The Alibaba IPO

May.30.14 | About: Alibaba Group (BABA)


Paul Goodwin, Chief Analyst of Cabot China & Emerging Markets Report, takes a look at Alibaba - the Chinese e-commerce giant that will be making its IPO later this summer.

Paul uses LinkedIn as an example to show how difficult it can be for individual investors to buy a hot issue at its IPO.

Despite IPO drawbacks, Alibaba will attract enormous investment because potential is huge: Alibaba owns 80% of China’s total e-commerce and 60% of China’s parcel deliveries come from its sales.

By Paul Goodwin, Chief Analyst, Cabot China & Emerging Markets Report

Alibaba, the Chinese e-commerce giant, will be making its much-heralded entrance into the U.S. market later this summer, and I've been fielding a fair number of questions about how (and whether) to play the IPO. Here's what I'm telling those who pose the question.

Making money playing IPOs is easy. All you have to do is get your broker to let you buy a modest amount at the initial offering price, wait until the stock doubles (or triples!) later that day, then sell and book your enormous profit.

In case you didn't get it, the use of the term "easy" in the previous paragraph was ironic. There's nothing easy about achieving perfect execution of this kind. The big money is made by traders who know exactly what they're doing and do it all correctly.

And those who make the big money generally do so at the expense of ordinary investors who take a chance on a high-risk bet … and lose.

Just as an example, let's look at the IPO of LinkedIn Corporation (NYSE:LNKD), which came public on May 19, 2011. The stock priced at $45 on that day, and that's the price that investors who received shares from favored brokers bought it at. With all the demand, the stock actually opened at $94 and soared as high as $123 on its first day. At the close, LNKD was trading at $94.25, which represented a 109% profit for those who had shares at the IPO price. Interestingly, an initial offering that included just 7,840,000 shares generated a first-day trading volume of 38.7 million shares.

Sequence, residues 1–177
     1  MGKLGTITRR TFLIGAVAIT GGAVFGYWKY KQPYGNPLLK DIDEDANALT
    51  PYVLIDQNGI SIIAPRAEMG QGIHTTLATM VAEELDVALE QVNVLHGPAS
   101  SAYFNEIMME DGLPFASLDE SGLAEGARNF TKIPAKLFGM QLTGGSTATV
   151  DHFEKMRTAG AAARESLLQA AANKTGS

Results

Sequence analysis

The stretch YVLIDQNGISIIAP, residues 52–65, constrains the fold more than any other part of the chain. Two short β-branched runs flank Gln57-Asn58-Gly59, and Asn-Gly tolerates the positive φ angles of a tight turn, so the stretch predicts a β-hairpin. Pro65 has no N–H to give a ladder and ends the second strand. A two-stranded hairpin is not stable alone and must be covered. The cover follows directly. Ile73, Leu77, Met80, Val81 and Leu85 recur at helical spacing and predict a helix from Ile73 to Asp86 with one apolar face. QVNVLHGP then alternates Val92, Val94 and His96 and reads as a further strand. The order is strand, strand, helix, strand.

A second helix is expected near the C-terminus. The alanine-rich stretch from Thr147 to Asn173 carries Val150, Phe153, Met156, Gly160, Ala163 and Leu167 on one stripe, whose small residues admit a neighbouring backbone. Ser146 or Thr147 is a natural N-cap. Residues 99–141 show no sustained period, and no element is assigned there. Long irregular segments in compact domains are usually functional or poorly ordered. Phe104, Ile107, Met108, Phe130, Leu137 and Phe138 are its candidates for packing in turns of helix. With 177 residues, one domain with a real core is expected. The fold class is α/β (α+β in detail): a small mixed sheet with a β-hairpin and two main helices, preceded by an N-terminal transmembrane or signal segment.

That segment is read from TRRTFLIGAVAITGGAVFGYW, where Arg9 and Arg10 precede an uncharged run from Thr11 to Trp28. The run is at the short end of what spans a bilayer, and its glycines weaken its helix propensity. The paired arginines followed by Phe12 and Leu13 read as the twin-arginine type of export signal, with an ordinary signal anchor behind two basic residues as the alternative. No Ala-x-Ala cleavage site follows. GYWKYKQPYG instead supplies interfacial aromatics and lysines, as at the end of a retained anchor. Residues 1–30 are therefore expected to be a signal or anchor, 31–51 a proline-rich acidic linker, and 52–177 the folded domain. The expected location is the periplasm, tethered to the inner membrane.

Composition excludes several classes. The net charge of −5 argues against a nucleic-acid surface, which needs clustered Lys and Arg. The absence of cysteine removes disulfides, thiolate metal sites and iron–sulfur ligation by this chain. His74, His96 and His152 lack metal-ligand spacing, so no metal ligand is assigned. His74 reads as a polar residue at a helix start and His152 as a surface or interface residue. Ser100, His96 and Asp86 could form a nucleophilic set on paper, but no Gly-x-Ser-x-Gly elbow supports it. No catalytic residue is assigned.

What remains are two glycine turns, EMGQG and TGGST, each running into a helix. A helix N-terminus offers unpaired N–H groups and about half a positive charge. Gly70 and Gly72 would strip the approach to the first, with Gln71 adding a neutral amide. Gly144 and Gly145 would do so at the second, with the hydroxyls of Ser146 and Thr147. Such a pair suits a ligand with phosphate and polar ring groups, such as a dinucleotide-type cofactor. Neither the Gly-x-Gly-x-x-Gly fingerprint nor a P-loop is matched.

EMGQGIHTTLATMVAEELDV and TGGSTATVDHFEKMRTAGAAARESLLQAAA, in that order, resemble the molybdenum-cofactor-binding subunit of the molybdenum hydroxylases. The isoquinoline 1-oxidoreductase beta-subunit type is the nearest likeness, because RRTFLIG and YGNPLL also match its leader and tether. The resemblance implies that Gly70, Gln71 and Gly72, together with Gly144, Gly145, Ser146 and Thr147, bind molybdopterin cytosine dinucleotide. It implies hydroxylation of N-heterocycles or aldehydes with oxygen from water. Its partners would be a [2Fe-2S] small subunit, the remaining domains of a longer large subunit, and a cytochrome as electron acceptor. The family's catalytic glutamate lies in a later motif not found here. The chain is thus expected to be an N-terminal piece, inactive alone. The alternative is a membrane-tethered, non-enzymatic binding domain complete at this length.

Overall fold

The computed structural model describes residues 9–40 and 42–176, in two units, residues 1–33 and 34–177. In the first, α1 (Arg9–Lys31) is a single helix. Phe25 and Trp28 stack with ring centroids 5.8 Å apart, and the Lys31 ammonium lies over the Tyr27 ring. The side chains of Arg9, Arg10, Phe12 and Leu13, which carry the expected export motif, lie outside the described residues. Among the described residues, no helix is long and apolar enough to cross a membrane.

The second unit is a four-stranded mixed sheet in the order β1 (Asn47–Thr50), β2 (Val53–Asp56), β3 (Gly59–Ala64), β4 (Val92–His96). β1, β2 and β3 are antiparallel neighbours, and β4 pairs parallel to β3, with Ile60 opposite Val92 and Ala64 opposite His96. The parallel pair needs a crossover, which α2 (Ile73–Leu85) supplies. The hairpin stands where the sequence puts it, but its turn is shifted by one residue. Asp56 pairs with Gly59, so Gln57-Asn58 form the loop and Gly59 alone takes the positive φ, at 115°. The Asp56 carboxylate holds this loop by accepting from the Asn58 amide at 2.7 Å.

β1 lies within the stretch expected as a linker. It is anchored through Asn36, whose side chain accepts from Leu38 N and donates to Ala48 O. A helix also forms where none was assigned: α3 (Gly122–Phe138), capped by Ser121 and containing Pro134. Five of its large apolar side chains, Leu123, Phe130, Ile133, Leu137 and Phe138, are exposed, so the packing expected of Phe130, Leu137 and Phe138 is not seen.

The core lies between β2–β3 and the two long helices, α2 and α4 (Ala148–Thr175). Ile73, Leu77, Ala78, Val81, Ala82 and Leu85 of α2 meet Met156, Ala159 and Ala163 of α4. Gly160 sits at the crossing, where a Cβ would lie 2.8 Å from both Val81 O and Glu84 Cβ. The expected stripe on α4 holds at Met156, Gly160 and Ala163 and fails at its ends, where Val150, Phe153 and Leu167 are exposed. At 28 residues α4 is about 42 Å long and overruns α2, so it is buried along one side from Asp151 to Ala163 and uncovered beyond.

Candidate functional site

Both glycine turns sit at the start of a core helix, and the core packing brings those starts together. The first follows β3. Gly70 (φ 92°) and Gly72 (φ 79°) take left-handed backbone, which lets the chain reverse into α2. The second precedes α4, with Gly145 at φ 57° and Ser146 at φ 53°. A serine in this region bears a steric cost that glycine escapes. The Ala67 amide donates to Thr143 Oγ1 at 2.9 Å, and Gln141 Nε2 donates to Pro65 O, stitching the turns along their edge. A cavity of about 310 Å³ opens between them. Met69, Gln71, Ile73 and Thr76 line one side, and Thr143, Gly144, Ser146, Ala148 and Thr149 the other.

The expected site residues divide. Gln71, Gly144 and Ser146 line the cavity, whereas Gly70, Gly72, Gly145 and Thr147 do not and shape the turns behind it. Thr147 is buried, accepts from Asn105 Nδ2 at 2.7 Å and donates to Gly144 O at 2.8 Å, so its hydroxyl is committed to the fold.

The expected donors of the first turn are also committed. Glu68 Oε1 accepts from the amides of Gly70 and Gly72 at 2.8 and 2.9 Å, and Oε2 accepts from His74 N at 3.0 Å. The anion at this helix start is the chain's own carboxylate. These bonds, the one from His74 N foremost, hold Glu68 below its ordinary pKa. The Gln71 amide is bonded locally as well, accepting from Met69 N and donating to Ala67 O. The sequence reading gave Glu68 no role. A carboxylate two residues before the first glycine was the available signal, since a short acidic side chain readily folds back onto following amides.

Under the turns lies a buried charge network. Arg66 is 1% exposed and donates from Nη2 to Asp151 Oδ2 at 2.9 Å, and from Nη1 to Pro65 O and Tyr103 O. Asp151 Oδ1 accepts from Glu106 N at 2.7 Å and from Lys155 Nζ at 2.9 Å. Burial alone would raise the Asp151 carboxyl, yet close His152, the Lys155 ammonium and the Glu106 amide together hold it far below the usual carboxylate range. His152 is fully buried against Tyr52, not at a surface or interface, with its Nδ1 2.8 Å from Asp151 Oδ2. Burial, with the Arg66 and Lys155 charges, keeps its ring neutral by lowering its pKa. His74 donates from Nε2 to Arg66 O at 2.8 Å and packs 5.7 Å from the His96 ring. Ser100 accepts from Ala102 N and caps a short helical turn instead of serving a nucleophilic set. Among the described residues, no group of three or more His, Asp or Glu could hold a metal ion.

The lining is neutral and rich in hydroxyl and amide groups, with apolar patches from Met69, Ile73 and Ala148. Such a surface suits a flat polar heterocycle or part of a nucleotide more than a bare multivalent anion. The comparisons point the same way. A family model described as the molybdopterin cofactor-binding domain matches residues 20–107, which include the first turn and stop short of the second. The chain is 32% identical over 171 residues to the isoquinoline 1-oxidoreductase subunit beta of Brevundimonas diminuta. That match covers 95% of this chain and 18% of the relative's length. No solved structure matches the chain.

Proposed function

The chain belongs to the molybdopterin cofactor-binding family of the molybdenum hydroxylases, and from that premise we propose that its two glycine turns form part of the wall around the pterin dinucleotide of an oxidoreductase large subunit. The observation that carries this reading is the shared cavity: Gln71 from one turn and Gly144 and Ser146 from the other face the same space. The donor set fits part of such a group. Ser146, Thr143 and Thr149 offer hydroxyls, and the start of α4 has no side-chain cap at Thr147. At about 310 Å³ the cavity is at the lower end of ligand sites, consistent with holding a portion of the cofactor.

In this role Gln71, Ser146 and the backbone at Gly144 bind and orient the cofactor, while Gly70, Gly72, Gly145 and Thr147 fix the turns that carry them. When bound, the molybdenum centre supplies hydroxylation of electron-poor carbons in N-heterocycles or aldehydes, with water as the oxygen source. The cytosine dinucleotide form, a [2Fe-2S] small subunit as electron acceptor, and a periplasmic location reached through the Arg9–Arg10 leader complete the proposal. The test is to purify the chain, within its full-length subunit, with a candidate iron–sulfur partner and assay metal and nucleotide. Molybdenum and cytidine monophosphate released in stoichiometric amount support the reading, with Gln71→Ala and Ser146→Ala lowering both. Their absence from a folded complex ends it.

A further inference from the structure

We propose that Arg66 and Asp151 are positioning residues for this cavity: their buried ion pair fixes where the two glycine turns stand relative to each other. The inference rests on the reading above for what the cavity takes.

The real money was made by company employees, many of whom had been sold shares for a dollar apiece. Also cashing in were the venture capital firms that took equity stakes in exchange for large capital infusions and private market start-up investors who had purchased LinkedIn shares at around $20 in the previous year.

But for retail investors, people like you and me who hit the BUY button on our online brokerage programs, the odds were considerably less favorable. If we had been lucky enough to buy at the opening price (94) and sell at the closing price (94.25), we would have been flat on the day.

More likely, however, your buy order would have filled at a higher price. A month later, your shares would be selling at $65. And if your buy price was $115 or higher, you would have had to wait almost a year (until May 4, 2012) to sell with any profit at all. And LNKD was still trading just over $120 on February 7, 2013, and all this during an overall bull market!

Maybe you think that LNKD wasn't a typical IPO? Well, the truth is that there is no such thing as a typical IPO. What's typical is that companies often wait for good news before coming public. Many Chinese companies used the occasion of their first profitable quarter as the trigger for their entrance into the ADR market.

Companies also wait for enthusiastic bull markets to ensure that there will be some appetite for their new issues.

The bottom line is that I don't have much appetite for IPOs at all. I'm not likely to get an insider price on a new issue and I don't have any faith in my online brokerage's ability to sharpshoot a favorable execution on my sell order. If the best odds I can get on a stock are the equivalent of a coin flip, I'll just hold off, thanks.

Buying stocks is risky enough without stepping into the fast lane with my roller skates on.